The Silver Death’s Heads gang launches a crime spree in New York City, including the murder ofWinthrop, robbingarmoredcars, banks. etc.. They net over $1 million, but there is alarger conspiracy at work; multiple shipping companies are being acquired under mysteriouscircumstances, accidents befalling their leaders, and stock transactions worth over a billion.

Doc enters first to save Ham and Monk, then to stop the Silver Death Heads gang, as they try to get him out of their way.

This is the first adventure in the re-read where only Monk and Ham (with a brief appearance by Pat) joinDoc. Renny is off working on the dam project in South Africa, which is a large part of the novel Python Isle by Will Murray.

This also makes the first adventure in the re-read where the action stays in NYC (and the NY Harbor).

There is a reappearance (from #4 The Polar Treasure and #10 The Phantom City) and apparent sinking ofthe Helldiver submarine.

My sortable table of Doc Savage books ishere.

  • Written by: Lester Dent
  • Villain: the mysterious Master in Silver, leader of the Silver Death Heads; his scientist named Ull;
  • Doc Gadget: underwater radio, underwater diving apparatus; adjustments to the sub Helldiver to make it squirt black ink underwater;
  • Doc Feat: lots of underwater swimming for long lengths of time.;
  • Exotic locale: none, except for the New York harbor (and under it) and, of course, NYC.
  • By the numbers: originally published October 1934; Bantam #26 (July 1968); Philip Jose Farmer dated July 1934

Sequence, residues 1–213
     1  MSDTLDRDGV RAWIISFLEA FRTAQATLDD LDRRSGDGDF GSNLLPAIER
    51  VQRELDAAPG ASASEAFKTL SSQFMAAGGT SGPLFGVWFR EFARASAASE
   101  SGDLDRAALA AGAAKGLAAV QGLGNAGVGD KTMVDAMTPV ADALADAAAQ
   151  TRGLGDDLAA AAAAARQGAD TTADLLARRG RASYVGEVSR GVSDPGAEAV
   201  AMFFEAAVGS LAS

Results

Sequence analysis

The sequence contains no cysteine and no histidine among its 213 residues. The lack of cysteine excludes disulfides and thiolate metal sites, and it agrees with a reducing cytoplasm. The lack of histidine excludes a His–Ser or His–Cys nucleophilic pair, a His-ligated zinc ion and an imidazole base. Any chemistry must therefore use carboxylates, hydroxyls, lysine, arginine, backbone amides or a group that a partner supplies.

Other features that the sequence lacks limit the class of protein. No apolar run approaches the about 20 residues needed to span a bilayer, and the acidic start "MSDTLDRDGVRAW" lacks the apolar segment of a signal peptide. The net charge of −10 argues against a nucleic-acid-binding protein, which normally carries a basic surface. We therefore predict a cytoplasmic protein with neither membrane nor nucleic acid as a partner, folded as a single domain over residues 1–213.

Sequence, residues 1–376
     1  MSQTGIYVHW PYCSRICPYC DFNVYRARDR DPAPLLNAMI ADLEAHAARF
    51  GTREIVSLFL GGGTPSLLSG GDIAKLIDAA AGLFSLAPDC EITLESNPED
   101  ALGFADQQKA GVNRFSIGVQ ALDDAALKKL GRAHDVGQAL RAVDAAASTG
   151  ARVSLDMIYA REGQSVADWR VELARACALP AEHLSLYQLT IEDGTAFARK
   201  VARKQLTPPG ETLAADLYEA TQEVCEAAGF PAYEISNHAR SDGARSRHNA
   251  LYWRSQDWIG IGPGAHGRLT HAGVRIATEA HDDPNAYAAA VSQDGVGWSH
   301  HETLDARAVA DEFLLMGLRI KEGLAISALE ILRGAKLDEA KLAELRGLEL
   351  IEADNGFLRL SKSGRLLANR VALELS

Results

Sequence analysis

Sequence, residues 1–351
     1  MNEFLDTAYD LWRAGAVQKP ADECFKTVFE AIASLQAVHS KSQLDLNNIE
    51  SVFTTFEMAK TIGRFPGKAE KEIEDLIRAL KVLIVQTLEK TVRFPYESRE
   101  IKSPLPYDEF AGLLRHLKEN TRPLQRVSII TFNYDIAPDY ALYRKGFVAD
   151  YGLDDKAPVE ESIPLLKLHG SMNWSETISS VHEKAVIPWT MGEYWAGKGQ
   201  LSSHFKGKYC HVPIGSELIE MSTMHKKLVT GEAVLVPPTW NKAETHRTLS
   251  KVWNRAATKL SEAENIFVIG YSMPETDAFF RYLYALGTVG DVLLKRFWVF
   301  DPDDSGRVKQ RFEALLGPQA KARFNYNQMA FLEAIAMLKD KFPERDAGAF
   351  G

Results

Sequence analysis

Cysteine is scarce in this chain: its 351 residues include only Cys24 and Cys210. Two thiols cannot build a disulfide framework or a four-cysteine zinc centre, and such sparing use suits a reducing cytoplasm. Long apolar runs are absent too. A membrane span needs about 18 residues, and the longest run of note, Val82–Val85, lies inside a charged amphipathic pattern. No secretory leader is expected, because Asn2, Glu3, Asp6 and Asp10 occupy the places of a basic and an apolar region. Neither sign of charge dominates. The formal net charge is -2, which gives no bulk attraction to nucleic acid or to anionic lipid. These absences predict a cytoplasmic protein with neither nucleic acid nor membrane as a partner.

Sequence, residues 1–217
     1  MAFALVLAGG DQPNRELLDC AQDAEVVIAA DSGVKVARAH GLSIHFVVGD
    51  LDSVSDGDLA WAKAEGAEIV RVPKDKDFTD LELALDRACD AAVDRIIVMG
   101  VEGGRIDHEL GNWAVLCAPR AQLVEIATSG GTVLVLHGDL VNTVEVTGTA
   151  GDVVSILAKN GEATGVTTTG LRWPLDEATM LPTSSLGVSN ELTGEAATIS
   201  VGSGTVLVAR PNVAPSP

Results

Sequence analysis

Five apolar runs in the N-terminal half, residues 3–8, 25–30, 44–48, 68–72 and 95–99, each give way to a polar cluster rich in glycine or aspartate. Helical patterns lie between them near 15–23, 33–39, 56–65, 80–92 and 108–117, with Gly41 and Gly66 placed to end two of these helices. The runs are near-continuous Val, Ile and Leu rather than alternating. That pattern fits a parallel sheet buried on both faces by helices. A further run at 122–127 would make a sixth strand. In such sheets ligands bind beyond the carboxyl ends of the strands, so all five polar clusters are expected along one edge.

A New Doc Savage novel

After eighteen years, the publication of a new Doc Savage novel is finally on the horizon. The Desert Demons, written by Lester Dent and Will Murray writing as Kenneth Robeson, makes its debut in July.desertdemons_cvr

I was privileged to read and review an advanced copy of this novel, thanks to the author. By excellent coincidence, that read happened in between reading Paul Malmont’s fact/fiction novels The Chinatown Death Cloud Peril, and The Amazing, The Astounding and The Unknown. These novels depict the life of Lester and Norma Dent, among others, as adventureres, emroiled in tales which resemble their own fiction.

I’ve posted my review of this new Doc Savage on SFSignal.com. An excerpt is below, and I thank Will Murray for trusting me with an advanced copy to review:

Patience. That is a shared characteristic of Doc Savage fans. A forty-two year wait was endured between the 1949 publishing of Up From Earth’s Center (republished by Bantam in 1990) and the 1991 books by Philip Jose Farmer and the next Kenneth Robeson, Will Murray. Seven books were written by Murray, from the notes of Lester Dent, the co-creator of Doc Savage, and published in 1991-93. Then, nothing, except a battle by Will and others to have more Docs published. (more…)


Review of Radio Archives “The Adventures of Doc Savage” at SFSignal.com

Continuing my series documenting a time wasting obsession with Doc doccdhiresSavage at SFSignal.com, today’s entry features a review of Radio Archives 8 CD collection of radio theater. The collection has two Doc Savage stories, Fear Cay and The Thousand Headed Man, as performed by the Variety Arts Radio Theater.

Readers may want to view the previous post Who is Doc Savage? (A Doc Savage Primer).

My Doc Savage book list can be found here.

We are also planning:

  • an interview with Doc cover artist Joe DeVito
  • an review of the new Docs, as soon as they are available.

Doc Savage primer on SFSignal

My not so secret obsession with Doc Savage comes fully out of the closet cover(where I keep the books!) with the “Who is Doc Savage? (A Doc Savage Primer)” on SFSignal.com. I’ve read most of the stories as a kid, and am in the midst of a re-read of the series.

The article discusses:

  • The Publications
  • Doc and his team
  • The History and Influence
  • Favorite Doc Stories (a selection of a few from the 180+)
  • Future Doc Stories (planned new novels by Will Murray from the notes of original author Lester Dent)
  • For Further Reading (links to informative sites)

We are also planning:

  • a review of the audio CD’s “The Adventures of Doc Savage”
  • an interview with Doc cover artist Joe DeVito
  • an review of the new Docs, as soon as they are available.